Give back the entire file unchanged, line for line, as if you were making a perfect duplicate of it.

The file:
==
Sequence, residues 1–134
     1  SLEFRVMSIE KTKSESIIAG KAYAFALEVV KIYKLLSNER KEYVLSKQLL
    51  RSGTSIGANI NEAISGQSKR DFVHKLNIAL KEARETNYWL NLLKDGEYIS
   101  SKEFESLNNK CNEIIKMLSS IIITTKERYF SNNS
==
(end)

Sequence, residues 1–134
     1  SLEFRVMSIE KTKSESIIAG KAYAFALEVV KIYKLLSNER KEYVLSKQLL
    51  RSGTSIGANI NEAISGQSKR DFVHKLNIAL KEARETNYWL NLLKDGEYIS
   101  SKEFESLNNK CNEIIKMLSS IIITTKERYF SNNS